Jamaica Kincaid has used various aspects of symbolism in the short story to hide the meaning of some important teachings. The bread has been used as a symbol in the piece when the mother instructs her daughter “always squeeze bread to make sure it’s fresh.” The individuals who do not read the story critically would just assume that the mother is referring to her girl about understanding how to prepare the bread. This is very wrong. It is a contradiction on the mother’s side considering her ‘morals’ since in Christianity, the bread is understood to symbolize Christ’s body, his death due to the sins of the world and yet in the context of this prose, the word “bread” has been used to refer to sexual undertone. Even though the approach of the mother may be viewed as bullying, she prepares her child for wifely responsibilities as well as how appear appealing to the members of the opposite sex. When the girl naively inquires if she would be allowed to feel by the baker, the mother replies “after all you are really going to be the kind of women who the baker won’t let near the bread?” the intentions of the mother for her daughter is very clear to the readers. It is for her daughter to become a proper woman among her peers and even to her future husband.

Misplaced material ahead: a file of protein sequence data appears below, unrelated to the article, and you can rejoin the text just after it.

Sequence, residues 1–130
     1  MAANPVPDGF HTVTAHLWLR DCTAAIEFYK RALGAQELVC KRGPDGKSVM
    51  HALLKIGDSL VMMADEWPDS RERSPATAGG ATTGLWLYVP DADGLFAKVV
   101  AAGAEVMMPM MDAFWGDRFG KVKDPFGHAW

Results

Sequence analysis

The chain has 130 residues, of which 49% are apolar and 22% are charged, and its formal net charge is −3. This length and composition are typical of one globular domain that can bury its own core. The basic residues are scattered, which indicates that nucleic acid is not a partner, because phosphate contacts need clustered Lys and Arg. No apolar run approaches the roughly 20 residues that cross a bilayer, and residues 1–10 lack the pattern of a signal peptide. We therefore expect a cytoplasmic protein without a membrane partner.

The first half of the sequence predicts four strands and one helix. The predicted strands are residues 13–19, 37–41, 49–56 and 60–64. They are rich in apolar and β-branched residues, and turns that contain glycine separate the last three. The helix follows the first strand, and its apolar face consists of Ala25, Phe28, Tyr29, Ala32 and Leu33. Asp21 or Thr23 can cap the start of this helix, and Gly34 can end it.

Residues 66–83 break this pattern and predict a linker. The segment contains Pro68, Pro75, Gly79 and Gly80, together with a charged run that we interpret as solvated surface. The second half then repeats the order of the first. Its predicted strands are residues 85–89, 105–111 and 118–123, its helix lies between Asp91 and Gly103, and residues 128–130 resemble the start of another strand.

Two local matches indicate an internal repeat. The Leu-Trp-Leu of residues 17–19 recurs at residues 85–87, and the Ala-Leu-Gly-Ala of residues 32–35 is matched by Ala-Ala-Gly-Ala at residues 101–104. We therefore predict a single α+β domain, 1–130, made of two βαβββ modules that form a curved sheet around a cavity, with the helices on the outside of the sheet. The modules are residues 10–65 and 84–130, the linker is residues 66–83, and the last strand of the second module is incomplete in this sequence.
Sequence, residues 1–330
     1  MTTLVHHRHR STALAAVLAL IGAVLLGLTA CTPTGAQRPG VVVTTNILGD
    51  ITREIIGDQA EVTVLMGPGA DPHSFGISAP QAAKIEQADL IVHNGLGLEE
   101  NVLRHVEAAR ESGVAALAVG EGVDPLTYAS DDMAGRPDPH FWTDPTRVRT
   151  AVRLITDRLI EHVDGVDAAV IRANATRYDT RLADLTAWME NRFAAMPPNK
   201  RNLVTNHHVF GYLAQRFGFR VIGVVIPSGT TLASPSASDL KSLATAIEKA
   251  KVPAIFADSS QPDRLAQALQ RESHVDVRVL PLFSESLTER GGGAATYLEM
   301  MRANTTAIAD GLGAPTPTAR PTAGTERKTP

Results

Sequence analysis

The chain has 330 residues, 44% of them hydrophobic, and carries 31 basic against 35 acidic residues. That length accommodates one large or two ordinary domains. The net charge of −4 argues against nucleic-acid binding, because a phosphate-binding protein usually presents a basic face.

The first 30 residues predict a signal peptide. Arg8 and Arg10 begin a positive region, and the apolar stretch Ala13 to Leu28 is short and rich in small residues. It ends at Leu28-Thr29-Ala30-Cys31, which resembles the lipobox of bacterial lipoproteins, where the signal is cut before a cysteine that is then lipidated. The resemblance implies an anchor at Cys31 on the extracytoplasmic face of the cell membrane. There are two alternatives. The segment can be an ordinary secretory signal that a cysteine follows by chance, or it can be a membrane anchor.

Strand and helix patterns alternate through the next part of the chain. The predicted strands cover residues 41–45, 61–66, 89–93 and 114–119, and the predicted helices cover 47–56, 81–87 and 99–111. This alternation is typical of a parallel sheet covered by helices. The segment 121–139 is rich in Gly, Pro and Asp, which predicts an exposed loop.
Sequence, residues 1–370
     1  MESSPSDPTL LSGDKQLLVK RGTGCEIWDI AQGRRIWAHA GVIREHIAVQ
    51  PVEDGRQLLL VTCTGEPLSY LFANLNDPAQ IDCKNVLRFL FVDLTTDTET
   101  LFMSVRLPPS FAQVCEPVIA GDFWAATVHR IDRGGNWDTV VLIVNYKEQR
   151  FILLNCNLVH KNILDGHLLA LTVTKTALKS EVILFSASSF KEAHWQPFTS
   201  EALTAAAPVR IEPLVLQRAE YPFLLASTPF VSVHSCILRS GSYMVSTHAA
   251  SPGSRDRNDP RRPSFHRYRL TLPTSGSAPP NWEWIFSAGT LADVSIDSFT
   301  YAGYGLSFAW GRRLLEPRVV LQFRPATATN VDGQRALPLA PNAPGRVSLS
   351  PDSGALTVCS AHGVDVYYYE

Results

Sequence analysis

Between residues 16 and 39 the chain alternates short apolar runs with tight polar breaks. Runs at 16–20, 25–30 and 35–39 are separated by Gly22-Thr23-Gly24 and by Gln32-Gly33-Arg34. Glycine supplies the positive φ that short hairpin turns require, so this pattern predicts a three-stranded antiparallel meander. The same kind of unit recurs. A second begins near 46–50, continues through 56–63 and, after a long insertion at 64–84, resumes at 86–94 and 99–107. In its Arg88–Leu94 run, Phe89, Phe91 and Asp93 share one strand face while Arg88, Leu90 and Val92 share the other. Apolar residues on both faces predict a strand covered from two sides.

Reading the piece the first time is a bit comical. However, analyzing it widens the perspective or viewpoint of this story. Educating young ladies that it’s fine to submit to patriarchy through shaming them into abiding by the regulations of hypocrisy and duplicity is utter insanity. Teaching the girls via the media on what is regarded as beautiful, what can attract the attention of the boys and what they are not supposed to do otherwise they are called bitches or sluts for out-speaking. This is the reason why feminism is needed so that the girls can be taught to adore themselves and avoid falling victims to subjugation or to their peers.

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We've found 5 essays on Girl by Jamaica Kincaid
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The short stories The Yellow Wallpaper by Charlotte Gilman and Girl by Jamaica Kincaid share the common theme of women who are portrayed as frail beings. In both literary selections, women are depicted as dependent on men and other family members, and who must deal …

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The Mother Theme in Jamaica Kincaids Girl